The main limitations are the risk of bias in some of the included trials, their age, and infrequent and poor reporting of some of our specified outcomes, in particular the harms. Another possible limitation is the clinical and methodological heterogeneity among the included trials, although the results were generally consistent for the frequently reported outcomes.
A systematic review of “the periodic health evaluation” included both trials and observational studies, and also geriatric studies, but it used a different definition of the intervention.6 The trials reviewed by us are mostly different ones, but the results are broadly similar with regard to the outcomes that were assessed in both reviews: total mortality, hospitalisation, disability, and the number of new diagnoses (disease detection). In terms of the effects of health checks on participants’ health worries, the previous review found one geriatric trial with a beneficial effect, whereas we found two trials with no effect on this outcome. Other reviews studied the effect of calculating and communicating coronary risk, but had a more narrow definition of the intervention, and did not find results on morbidity and mortality.7 8
In order to get the most reliable answers to our questions, we did not include observational studies because the influence of self selection bias is too great compared with the expected small effect of an intervention in a predominantly healthy population. We also chose not to focus on surrogate outcomes such as changes in risk factors or delivery of preventive services, as these may be misleading because an improvement does not necessarily benefit the participant and because they do not measure harms. Nevertheless, we succeeded in identifying several trials that addressed our research questions.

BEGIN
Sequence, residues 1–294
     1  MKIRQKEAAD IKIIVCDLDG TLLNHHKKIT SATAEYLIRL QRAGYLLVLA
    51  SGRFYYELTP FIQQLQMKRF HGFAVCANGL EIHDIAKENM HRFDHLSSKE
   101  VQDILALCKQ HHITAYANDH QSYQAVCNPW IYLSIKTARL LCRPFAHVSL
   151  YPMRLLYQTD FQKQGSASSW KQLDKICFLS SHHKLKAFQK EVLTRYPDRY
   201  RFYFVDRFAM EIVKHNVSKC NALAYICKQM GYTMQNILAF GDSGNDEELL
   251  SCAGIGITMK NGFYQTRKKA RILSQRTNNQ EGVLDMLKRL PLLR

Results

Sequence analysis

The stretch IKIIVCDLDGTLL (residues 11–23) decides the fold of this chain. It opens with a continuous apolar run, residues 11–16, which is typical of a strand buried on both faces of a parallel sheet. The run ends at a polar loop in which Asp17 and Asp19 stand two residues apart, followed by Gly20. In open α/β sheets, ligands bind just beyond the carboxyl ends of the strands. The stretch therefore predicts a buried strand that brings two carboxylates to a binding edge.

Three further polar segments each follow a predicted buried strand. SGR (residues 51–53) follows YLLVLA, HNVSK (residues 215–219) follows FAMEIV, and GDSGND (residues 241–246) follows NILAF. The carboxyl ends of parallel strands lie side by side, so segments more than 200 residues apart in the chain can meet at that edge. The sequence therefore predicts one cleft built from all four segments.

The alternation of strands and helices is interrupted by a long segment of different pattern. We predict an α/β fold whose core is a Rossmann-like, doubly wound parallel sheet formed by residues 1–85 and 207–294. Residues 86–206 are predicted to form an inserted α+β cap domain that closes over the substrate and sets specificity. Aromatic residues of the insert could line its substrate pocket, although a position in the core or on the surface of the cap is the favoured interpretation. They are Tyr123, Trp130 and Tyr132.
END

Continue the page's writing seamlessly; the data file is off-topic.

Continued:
We did not include geriatric trials because they included additional interventions likely to affect the outcomes. A systematic review found that geriatric assessments for general elderly populations reduced the risk of not living at home and of being admitted to a nursing home, but did not find an effect on mortality.28
The lack of beneficial effects indicates that the interventions did not work as intended in the included trials. There are several possible explanations for this. Most of the trials were old and consequently used treatments different from what would be used today—such as clofibrate or nicotinic acid for hypercholesterolaemia, instead of statins. Also, thresholds for treating cardiovascular risk factors were higher than they are today. However, it is not a given that the results would be better today, as medical innovations sometimes prove harmful29 and as reducing risk factor thresholds means treating people at lower risk who have a smaller potential for benefit but the same risk of harm.30 Another possibility is that preventive drugs could have a less favourable balance between benefits and harms when used in general populations compared with in pharmacological trials, which often use many exclusion criteria.31 In our meta-analyses, arranged by year of trial start, there are no visible time trends and the idea of increasing benefits over time remains hypothetical. The results on mortality from the Inter99 trial 25 will be published soon and will inform about the effect of health checks in a modern setting.
Finally, some of the trials used only one health check instead of repeated health checks. For cancer mortality, subgroup analysis showed a trend towards benefit from more than one health check and towards harm from one health check only. For cardiovascular mortality, the opposite trends were observed. We regard these results as chance findings. Also, it is not a given that several health checks would be better than one, as some of the harms would increase.